Truett Langston, former publisher of the Macon County Times, and his wife Barbara, who also worked in the Times office, are moving out of Tennessee for the first time since they arrived in Lafayette 19 years ago. They will make a permanent home in Waynesville, North Carolina.
“That’s where my son and his family is,” said Langston. “The idea was that at our age, which is 71, and with our health problems—both my wife and I have heart conditions—we don’t have any family here, so we just needed to be near someone who could help take care of us.
“This was the idea when we retired, but we didn’t do anything about it for a few years. Then we put the house on the market, and then it sold.
“So I guess it’ll be all right. Of course, we’ll miss Lafayette, a lot. We’ve made a lot of friends here. The remark goes that as an Editor, if you don’t make somebody angry, you’re not doing your job…. but overall everyone’s been very nice to us here, and helpful.
“I’ve enjoyed the First Baptist Church, I’ve taught Sunday school there, an adult class, and I’ll miss that. Of course, Rotary—I’ve enjoyed that thoroughly. We’ve had a lot of good time with the projects, and the meetings have all been worthwhile. I’ve tried to be dependable and to be a good member, so to speak. That’s something I’ll miss. This is not a novel thing with my wife and I, because I think we’ve moved eight times.”
Truett Langston’s retirement from the Times in 2005 marked the end of a full 40 years in the newspaper business. He began in 1965 after graduating from the University of Alabama, starting as an ad rep with Tuscaloosa News and moving on to become a business manager at one of their newly purchased papers. He’s worked in a slew of papers across the Southeast (“I won’t go into naming them all”), including some large dailies.
“This is the smallest town I ever lived in,” said Langston. “We came here when the former owner, Mr. Gregory, had died, and this paper was in an estate. The group that I went to work for, Albreht Newspapers, bought the paper. He hired me— well, I became a partner—and I came up here in April of ’93.
“In December of that year I was diagnosed with colon cancer, and operated on in January, and had to go through that adventure. But I haven’t had any problems with that in 8 or 10 years.”
Langston offered some 40-year insight into the newspaper world:
“[I love] the constant change. Not only in production, but in the activity you were going to face every day when you came to work…
“I always felt like the newspaper was a real service that local people needed. I can’t imagine living in a community that didn’t have a local newspaper. It’s something that’s just needed to get the most out of your environment. I know there are places like that, that don’t have a paper… but the activity from the schools, and from the government, and from the sports angle— the locals always had good stories. Everybody’s got a story.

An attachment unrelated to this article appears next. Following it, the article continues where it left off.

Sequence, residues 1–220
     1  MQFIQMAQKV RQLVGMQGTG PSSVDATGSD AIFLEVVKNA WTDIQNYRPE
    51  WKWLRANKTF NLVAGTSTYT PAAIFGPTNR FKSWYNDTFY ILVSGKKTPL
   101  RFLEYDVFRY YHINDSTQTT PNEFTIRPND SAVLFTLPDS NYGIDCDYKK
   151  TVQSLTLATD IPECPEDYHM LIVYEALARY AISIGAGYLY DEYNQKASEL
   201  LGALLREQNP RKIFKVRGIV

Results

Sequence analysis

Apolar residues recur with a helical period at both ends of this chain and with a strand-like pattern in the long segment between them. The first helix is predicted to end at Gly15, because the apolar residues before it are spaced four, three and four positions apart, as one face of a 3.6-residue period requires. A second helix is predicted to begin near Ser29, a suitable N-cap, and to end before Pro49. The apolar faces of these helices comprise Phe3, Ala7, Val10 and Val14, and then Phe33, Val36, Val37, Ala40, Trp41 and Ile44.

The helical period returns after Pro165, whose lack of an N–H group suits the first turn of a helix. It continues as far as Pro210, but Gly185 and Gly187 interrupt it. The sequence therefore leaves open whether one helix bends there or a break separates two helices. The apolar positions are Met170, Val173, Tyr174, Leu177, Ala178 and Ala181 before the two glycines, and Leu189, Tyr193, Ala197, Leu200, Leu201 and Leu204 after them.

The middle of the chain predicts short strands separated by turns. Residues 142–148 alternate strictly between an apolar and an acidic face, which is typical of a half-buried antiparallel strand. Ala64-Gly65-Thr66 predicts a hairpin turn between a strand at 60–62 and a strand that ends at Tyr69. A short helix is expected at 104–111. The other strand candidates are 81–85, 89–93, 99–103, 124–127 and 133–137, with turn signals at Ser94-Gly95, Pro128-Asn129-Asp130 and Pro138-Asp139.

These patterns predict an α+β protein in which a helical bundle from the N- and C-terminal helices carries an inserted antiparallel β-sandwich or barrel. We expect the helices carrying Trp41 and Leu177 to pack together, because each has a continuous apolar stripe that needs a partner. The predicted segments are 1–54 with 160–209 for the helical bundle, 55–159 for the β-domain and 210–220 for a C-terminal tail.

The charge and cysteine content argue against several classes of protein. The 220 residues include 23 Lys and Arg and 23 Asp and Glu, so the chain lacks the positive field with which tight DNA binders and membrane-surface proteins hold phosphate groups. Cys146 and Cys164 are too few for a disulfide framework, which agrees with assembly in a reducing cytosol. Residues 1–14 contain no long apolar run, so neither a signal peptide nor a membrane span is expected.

“At one time, I liked to do a feature on just anybody. You stopped at Walmart, or the post office, and if you were fortunate enough to strike up a conversation, you’d find something interesting about the person’s life, whether it happened years ago, or was going on right now. That was a big part of especially local newspapers— you could do that. State papers, you have to stick to the hard facts and keep away from ‘fluff’, as people call it.
“I’ve been fortunate enough to know some great, interesting people. One girl who used to sell ads for me is now a doctor. She did that because she just had the determination to do it; she told me when she was hired on that she was going to be a doctor someday. We worked it out that she could attend classes over at Livingston, and she just kept plugging away and taking a few hours here and a few hours there, until she finally got it completed.
“Another boy used to set type for us. I hired him out of the tobacco fields; he graduated from Westmoreland over here. He’s got a computer company now, down in Laverne I think. Another girl that used to write for us—feature stories and regular hard news— works for Ingram Publishers now. She’s got a good position there.”
Anyone asked about Langston’s professional or personal presence in this town has had positive and deeply respectful things to say. “Mr. and Mrs. Langston gave me the opportunity to work at the Macon County Times and I am grateful,” said Times Advertising Manager Hope Green. “Truett was one of the best bosses I have ever worked for; still today I look to Truett for advice. We are really going to miss them!”
“Most of all, I remember how Truett and Barbara loved the Times Newspaper,” said Times Office Manager Leigh Dallas, “Macon County and I always felt they served the community and the employees here at the Times office with the utmost respect and dignity. That is the kind of people they are.
“Truett hired me in 2001 and it was a bittersweet moment when he retired in 2005, as it is now to see him leave Macon County.”